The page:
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Why the Lucky Country isn’t blubbing about losing

An expat Brit in Australia says his countrymen aren’t obsessing over their lack of Olympic gold because they have no ‘culture of complaint’.

Nick Cater
Columnist

Topics World

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Good on the Poms. We’d take our hats off to you if we could remember how. The poor old to-and-froms haven’t had a decent win since the Falklands, and while Boris is no Thatcher, and London 2012 is not Sydney 2000, it’s not a bad effort for a toff. Twenty-two gold medals, eh? Chunky ones at that; you’ll be melting them down no doubt to pay for that National Health Service. Nice to see the kiddies dancing on beds, though do yourselves a favour and give it a miss for the closing do. And what sort of scam is this ‘Team GB’ anyway? What next, Australia versus ‘Team EU’ in the Ashes? Those Slovenians could give your middle order a bit of a lift.

There is nothing like a little friendly banter, or ‘sledging’ as the Poms call it, to help divert attention from Australia’s sub-optimal position on the medal table. For Australians, London 2012 ‘has not been the best’, to use a local turn of phrase that comes as close to introspection as the Lucky Country allows. Australians happily concede the gold medal for self-flagellation to the Brits, since they do it so well. British arrivals in Australia quickly learn that there is only one acceptable reply to the question ‘how are you?’, and that is simply ‘good’. Australians do not complain, they ‘give a serve’, and only to those who deserve it like bullshit artists, wowsers and boofheads. They are of course permitted to give the government a serve, but that is not so much complaint as a civic duty in a country where voting is compulsory.

The late Donald Horne made ‘The Lucky Country’ the title of an influential book examining the state of the nation. He was right: Australia is the lucky country, not by chance but by preference, for Australians have learned to make their own luck. Looking across the world’s most beautiful harbour, in Sydney, it is instructive to imagine what it might have looked like when Captain Arthur Phillip stepped ashore on 26 January 1788, somewhere between the Opera House and the Harbour Bridge. It was wilderness, and pretty rough wilderness at that; not the pristine wilderness worshiped by today’s romantic ecologists, but utter wilderness; raw nature reluctant to surrender its bounty to man.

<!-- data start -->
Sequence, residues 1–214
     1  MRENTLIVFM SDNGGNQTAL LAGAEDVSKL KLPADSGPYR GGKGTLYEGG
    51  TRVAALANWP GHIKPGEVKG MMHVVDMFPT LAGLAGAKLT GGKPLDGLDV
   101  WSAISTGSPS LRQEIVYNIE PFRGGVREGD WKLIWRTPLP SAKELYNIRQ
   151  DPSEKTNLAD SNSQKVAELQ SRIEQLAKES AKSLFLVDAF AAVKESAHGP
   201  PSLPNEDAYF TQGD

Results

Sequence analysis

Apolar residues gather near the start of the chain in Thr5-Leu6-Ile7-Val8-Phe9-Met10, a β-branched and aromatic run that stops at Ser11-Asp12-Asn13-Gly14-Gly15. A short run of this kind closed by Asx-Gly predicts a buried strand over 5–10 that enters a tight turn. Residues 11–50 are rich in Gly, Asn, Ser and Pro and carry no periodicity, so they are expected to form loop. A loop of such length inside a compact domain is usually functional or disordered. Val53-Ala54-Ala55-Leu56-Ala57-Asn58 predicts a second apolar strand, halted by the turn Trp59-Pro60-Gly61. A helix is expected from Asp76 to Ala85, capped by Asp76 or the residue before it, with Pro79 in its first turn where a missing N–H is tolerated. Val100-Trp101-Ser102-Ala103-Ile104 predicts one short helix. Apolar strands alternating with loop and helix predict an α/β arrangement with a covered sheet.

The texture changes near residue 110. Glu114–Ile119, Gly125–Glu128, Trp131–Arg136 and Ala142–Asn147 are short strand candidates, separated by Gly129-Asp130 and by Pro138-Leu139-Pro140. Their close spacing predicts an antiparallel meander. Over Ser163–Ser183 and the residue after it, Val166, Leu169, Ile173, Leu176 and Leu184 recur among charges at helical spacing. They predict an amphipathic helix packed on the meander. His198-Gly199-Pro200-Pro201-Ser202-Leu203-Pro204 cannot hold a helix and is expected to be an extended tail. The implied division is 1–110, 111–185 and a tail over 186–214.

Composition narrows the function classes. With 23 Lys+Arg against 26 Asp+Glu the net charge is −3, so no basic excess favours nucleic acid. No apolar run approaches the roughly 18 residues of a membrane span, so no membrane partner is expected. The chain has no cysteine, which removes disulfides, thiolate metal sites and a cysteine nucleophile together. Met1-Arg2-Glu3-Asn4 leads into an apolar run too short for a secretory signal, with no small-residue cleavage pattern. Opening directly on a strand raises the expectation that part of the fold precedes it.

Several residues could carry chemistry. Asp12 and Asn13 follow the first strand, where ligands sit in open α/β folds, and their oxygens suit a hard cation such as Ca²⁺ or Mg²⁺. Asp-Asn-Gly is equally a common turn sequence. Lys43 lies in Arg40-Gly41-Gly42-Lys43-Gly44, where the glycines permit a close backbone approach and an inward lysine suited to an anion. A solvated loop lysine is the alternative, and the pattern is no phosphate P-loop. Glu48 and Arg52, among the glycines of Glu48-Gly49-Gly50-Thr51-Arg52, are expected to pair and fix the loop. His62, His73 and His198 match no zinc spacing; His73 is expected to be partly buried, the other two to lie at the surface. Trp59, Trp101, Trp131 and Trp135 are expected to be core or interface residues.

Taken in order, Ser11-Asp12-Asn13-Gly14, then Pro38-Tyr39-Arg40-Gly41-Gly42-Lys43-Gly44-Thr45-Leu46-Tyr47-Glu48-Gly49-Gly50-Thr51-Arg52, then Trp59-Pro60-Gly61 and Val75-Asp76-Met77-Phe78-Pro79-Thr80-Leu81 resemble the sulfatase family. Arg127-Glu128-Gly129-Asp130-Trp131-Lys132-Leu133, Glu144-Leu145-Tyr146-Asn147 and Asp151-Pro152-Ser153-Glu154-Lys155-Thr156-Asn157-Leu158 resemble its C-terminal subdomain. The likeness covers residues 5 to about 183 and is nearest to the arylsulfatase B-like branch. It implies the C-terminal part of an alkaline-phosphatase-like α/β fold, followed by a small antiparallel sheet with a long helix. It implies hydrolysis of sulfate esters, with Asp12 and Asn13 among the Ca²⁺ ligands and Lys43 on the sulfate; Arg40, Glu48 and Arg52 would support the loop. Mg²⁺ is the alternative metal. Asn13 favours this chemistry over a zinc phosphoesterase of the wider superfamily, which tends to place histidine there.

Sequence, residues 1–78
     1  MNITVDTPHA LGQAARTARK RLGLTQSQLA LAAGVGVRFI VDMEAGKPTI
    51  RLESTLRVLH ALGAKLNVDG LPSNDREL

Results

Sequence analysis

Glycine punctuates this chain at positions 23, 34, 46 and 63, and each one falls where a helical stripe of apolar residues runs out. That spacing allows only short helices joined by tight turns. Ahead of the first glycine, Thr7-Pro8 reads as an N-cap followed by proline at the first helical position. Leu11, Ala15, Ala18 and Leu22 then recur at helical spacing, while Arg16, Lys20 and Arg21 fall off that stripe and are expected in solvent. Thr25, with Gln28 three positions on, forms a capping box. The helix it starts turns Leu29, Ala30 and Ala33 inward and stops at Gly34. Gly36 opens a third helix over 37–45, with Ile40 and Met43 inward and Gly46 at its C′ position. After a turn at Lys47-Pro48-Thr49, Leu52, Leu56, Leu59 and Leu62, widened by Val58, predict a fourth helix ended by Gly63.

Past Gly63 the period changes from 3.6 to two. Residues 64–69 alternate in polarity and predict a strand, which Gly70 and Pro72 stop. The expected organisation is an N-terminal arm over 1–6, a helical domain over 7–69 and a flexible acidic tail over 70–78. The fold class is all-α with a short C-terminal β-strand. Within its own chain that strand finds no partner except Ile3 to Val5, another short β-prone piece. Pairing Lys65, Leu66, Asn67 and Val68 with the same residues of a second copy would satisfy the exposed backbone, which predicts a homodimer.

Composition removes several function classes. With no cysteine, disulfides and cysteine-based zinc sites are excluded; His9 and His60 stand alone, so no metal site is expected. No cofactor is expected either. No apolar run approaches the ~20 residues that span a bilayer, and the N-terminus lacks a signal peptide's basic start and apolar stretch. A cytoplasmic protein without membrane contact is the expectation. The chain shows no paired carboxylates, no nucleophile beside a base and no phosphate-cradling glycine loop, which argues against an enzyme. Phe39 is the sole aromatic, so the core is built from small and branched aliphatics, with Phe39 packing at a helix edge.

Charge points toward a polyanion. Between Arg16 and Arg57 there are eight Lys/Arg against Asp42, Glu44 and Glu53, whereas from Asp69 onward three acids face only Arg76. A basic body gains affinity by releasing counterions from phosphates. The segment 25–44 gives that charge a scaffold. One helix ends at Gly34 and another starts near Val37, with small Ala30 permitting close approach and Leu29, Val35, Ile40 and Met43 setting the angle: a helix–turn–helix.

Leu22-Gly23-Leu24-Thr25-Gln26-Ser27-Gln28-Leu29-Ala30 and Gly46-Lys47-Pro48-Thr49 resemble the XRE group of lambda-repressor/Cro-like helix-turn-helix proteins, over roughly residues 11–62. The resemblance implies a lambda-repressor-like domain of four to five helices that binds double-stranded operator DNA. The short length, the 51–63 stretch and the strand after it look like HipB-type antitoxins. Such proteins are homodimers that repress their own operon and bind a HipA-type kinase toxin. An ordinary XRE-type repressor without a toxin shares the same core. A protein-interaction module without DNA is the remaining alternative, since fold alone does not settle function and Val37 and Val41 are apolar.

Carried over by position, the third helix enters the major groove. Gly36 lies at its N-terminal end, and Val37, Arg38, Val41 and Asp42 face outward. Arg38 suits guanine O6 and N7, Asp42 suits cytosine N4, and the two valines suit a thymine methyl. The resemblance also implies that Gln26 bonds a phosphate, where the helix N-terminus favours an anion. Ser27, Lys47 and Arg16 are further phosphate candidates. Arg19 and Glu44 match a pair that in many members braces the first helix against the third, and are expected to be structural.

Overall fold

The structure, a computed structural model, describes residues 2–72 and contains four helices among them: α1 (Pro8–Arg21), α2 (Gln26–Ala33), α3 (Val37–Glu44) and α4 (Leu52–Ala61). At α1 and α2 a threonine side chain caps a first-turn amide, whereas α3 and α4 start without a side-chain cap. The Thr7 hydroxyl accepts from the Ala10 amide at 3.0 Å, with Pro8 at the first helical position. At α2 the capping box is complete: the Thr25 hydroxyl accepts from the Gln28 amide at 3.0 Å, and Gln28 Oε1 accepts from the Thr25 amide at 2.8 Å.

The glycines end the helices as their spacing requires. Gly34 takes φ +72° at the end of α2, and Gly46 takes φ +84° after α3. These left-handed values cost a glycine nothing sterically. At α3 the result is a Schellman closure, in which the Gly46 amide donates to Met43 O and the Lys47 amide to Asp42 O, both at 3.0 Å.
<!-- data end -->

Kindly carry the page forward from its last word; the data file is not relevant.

You don’t need to watch Bush Tucker Man to understand the resourcefulness of the first Australians, who had not only managed to hunt and gather a living out of this unforgiving terrain, but also developed a rich, creative culture. Armed with the wisdom of the European Enlightenment, Captain Phillip, his troops and their convict charges learned to do the same. After the obligatory raising of the flag and the offering of baubles, ‘business now sat on every brow’, records Watkin Tench in his vivid account of the settling of Port Jackson. ‘In one place, a party cutting down the woods; a second, setting up a blacksmith’s forge; a third, dragging along a load of stones or provisions; here an officer pitching his marquee, with a detachment of troops parading on one side of him, and a cook’s fire blazing up on the other’. It was chaos for a time, desperation borne by necessity, but eventually, ‘as far as the unsettled state of matters would allow, confusion gave place to system’.